Why is my QL muscle always tight?
First we need to understand that your L5 vertebrae #1 spot in your low back that has a lot of forces on it, so it wants to be stable at all costs. The QL is a strong stabilizing muscle that attaches directly off your L5 vertebrae to stabilize your low back and your pelvis. If your low back is slightly unstable due to a little laxity in a ligament, car wreck, wear and tear, or just getting older then you might be dealing with chronic QL tightness.
2 Systems stabilize our low back
We have 2 systems to stabilize it a passive system (ligaments) and an active system (muscles). If one of these systems gets overloaded then the other has to pick up the slack.
The most common bio mechanical cause of what happens in the low back is the illiolumbar ligament gets a little lax or streched out. Have you ever overstretched a rubber band? Does it ever go back to it’s original size? No.
So the same thing happens to this ligament. It gets a little too over stretched over timeand so your muscles have to pick up the slack. Hence the QL kicks in and becomes super tight all the time.
Want to dive in deeper to the biomechanics of the QL (quadratus lumborum) and the Iliolumbar Ligament?
From a biomechanical perspective, if the iliolumbar ligament becomes lax, the QL may tighten to compensate for the reduced stability in the lumbar region. The iliolumbar ligament connects the iliac crest to the transverse processes of the L4 and L5 vertebrae, providing stability to the lumbosacral junction. The quadratus lumborum (QL) is a large, flat muscle located in the lower back that plays a role in lateral flexion, extension, and stabilization of the lumbar spine.
Compensation for Reduced Stability:
When the iliolumbar ligament becomes lax, it loses its ability to provide adequate stability to the lumbosacral junction. As a result, the lumbar spine may experience increased mobility, leading to instability and the potential for injury. To compensate for this loss of stability, the QL may tighten and become overactive in an attempt to provide the necessary support that the iliolumbar ligament can no longer offer. This can cause muscle imbalances, limited range of motion, and pain.
Altered Force Distribution:
A lax iliolumbar ligament can also lead to altered force distribution across the lumbar region. When the ligament is no longer able to provide proper support, the surrounding structures, including the QL, may be subjected to increased loads and shear forces. This added stress can cause the QL to tighten in response to these increased demands, potentially leading to discomfort and further issues in the lumbar region.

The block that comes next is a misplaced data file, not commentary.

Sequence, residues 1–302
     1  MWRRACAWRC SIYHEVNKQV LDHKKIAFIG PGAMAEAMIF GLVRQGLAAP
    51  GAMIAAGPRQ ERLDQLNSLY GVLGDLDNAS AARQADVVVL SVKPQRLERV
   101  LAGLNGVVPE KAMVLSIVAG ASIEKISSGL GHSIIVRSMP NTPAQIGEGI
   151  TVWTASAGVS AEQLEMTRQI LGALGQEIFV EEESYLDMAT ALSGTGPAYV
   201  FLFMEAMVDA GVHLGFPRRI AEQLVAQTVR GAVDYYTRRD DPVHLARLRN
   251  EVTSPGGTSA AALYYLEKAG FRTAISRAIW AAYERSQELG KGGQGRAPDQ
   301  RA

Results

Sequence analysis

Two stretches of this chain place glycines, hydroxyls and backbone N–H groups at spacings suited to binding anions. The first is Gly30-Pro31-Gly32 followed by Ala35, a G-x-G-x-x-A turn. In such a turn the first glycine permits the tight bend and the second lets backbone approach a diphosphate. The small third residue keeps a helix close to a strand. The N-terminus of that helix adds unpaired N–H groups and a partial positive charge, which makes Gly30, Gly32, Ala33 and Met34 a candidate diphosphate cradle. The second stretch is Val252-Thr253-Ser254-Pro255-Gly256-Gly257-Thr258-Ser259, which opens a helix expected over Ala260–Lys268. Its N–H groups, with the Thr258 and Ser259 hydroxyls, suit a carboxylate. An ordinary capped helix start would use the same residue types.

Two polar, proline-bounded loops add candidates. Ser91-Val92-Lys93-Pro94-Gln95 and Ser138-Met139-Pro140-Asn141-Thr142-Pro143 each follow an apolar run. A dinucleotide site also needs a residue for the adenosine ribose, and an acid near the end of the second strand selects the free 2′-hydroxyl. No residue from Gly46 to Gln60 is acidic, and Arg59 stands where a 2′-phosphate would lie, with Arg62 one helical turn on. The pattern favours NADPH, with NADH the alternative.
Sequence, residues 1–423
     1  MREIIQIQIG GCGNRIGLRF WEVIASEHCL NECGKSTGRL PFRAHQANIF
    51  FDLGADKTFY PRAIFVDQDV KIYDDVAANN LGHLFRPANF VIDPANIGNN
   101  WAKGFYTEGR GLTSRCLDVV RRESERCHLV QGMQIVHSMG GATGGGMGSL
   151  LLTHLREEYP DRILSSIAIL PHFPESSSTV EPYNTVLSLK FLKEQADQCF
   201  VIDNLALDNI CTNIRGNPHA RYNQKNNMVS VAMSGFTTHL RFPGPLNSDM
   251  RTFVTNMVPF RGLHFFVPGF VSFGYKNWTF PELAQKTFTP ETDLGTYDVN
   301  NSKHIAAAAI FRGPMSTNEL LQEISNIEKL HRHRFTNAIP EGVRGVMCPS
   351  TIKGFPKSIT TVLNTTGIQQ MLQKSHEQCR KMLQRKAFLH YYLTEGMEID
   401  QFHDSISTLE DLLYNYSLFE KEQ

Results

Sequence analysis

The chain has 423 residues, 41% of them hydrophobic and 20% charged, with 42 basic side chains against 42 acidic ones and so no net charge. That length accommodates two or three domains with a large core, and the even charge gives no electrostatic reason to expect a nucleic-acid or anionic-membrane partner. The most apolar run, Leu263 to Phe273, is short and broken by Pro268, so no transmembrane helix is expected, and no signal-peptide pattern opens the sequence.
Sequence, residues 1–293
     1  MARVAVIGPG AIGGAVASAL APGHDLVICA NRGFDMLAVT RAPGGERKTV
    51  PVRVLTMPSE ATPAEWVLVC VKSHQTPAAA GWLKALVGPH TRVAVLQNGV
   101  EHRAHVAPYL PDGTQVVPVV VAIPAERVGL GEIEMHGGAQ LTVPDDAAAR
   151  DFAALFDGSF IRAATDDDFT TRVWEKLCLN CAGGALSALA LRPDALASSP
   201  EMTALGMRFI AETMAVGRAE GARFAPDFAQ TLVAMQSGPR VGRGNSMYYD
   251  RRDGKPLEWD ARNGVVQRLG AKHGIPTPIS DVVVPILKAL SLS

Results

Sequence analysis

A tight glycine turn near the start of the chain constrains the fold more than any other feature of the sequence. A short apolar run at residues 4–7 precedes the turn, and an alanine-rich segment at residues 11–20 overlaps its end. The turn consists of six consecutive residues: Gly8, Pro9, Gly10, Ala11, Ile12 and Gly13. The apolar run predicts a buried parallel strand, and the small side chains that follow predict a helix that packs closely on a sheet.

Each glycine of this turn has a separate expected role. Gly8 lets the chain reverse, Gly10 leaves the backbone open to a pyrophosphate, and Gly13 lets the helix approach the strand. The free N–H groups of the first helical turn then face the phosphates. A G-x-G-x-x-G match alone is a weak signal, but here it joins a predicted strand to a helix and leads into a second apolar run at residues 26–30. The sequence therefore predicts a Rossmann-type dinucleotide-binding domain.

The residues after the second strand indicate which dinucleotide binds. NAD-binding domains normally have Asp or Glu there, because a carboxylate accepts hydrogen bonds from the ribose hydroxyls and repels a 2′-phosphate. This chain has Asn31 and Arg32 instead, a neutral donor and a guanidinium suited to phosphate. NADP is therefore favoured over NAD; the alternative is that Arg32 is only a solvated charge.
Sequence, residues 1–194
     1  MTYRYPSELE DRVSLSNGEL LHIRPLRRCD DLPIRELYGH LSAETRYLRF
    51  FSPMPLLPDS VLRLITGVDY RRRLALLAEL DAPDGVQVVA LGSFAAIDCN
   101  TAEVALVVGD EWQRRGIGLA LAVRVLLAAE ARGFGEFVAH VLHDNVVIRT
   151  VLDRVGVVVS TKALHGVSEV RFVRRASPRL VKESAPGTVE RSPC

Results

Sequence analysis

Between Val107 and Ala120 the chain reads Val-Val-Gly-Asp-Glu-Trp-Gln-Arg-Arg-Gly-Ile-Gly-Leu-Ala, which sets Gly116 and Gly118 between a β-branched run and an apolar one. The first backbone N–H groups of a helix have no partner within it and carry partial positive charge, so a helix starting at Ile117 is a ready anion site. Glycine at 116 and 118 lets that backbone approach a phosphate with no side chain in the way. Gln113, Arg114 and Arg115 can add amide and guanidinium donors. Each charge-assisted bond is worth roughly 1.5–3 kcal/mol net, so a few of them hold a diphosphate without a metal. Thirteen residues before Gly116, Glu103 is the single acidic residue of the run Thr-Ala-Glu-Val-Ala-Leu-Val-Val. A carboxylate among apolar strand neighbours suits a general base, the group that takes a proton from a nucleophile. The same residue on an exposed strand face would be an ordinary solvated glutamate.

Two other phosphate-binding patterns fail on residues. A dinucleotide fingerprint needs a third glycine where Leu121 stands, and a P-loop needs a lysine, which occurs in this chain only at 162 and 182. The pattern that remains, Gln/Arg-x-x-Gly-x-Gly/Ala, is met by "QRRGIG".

The important question is what can you do to fix this?
My favorite approach is to use Prolotherapy to help tighten down the iliolumbar ligament and creat more stability for the L5 vertebrae, which in turn allows the QL to calm down and not be so tight all the time.
Want to understand how prolotherapy can help to reduce your QL tightness and help your iliolumbar ligament?
Prolotherapy is a non-surgical treatment that involves injecting a solution, often containing dextrose, saline, or other irritants, into damaged ligaments, tendons, or joints to stimulate the body’s natural healing processes. In the case of a lax iliolumbar ligament, prolotherapy may help tighten the ligament through the following mechanisms:
- Inflammation and Healing Response:
- The injected solution triggers a localized inflammatory response, which, in turn, stimulates the body’s natural healing processes. This inflammation promotes the production of growth factors and the proliferation of fibroblasts, which are cells responsible for producing collagen, the main structural protein in ligaments.
- Collagen Production and Remodeling:
- As the fibroblasts produce new collagen, the density and strength of the lax iliolumbar ligament may increase. Over time, the newly formed collagen fibers will be remodeled and realigned along the lines of stress, leading to a stronger and tighter ligament.
- Pain Relief and Improved Function:
- As the iliolumbar ligament becomes stronger and tighter, it regains its ability to provide stability to the lumbosacral junction. This can lead to reduced pain, improved function, and decreased reliance on the QL muscle for stability, ultimately alleviating the tightness in the QL.
It is important to note that prolotherapy should be performed by a trained medical professional and may require multiple sessions to achieve optimal results. Dr. Hanson in Tampa, FL has been using prolotherapy for the last 8+ years to help reduce QL tightness and restore function to the iliolumbar ligament.